MONEY TRAP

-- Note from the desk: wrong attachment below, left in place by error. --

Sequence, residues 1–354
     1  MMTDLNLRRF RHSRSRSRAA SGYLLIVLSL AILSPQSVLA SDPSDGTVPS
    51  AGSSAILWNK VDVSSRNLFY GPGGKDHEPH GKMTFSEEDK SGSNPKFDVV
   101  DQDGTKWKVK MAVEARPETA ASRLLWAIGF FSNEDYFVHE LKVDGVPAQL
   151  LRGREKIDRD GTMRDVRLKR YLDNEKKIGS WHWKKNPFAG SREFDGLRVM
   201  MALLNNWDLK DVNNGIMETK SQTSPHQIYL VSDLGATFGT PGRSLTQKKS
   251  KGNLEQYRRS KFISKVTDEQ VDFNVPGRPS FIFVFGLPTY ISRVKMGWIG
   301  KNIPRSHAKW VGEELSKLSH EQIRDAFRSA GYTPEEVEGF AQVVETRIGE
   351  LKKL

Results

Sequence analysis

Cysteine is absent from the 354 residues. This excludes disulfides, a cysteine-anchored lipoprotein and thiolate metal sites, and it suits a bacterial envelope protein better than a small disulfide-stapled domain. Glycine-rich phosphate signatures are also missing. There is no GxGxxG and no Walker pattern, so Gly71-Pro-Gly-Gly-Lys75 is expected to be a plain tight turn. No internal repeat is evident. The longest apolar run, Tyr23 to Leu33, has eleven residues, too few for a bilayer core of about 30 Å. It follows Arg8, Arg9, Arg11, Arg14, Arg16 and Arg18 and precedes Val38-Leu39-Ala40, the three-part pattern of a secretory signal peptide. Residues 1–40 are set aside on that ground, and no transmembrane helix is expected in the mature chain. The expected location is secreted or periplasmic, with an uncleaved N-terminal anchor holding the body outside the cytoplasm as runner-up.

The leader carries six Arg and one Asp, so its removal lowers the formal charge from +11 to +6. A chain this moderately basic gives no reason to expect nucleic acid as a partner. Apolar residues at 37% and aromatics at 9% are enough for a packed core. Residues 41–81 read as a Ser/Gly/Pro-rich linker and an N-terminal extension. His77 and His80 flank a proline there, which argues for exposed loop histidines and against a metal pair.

Money changes our thinking. The opportunity to make easy money causes a surge of dopamine in a tiny piece of our neural machinery. People get immediate pleasure and pain from obtaining and losing money. A disproportionate desire for money makes one selfish. The unethical ways of making money don’t bother a corrupt mind. It is bad when money starts dominating decisions. Money makes us self-centered, and, therefore, corruptible. People value the money they’ve earned, over the money they're given. More than the money it is relative income that matters. If we have more money we can buy more of our daily utilities, can have better vacations. But money can also bring unhappiness. The experience-stretching hypothesis partly explains the disconnect between money and happiness. Daniel Gilbert describes experience-stretching as “an experience that once brought me pleasure no longer does.” Money allows us to buy the best things in life but it also deprives us of enjoying the mundane joys of everyday life. Money can be a substitute for social acceptance and in reducing social and physical discomforts but it also can take us away from the little pleasures of life. Unfortunately, money can also be a substitute for love. Money can make us happy if it is spent wisely. To buy happiness one needs a relative amount of money. Happiness level depends inversely on the earning levels of a person’s neighbours. It is a relativity trap. There is nothing that is big and small. We make things big and small. Our habit of making things great or small has been with us since the beginning and shall remain till the end. The problem is that we don’t want to accept that we are making comparisons. We make mistakes while making comparisons. We make systematic errors when predicting our future satisfactions. Because of the wrong predictions, we make wrong decisions. Like eyesight and hindsight, foresight can also be blind. Our motivations and efforts are dependent upon the magnitude of expected rewards. The motivation can be unconscious. We may not know what has prompted us to do a certain thing. Neuroscientists are trying to find out the correlation between expected reward and behavioural activation. A group of researchers wanted to know how the human brain energizes behaviour in proportion to subliminal incentives. Money was used as an incentive in the studies. The studies reveal that a key node (specific basal forebrain region) in brain circuitry enables expected rewards to energize behaviour. Interestingly, this doesn’t even need the subjects’ awareness.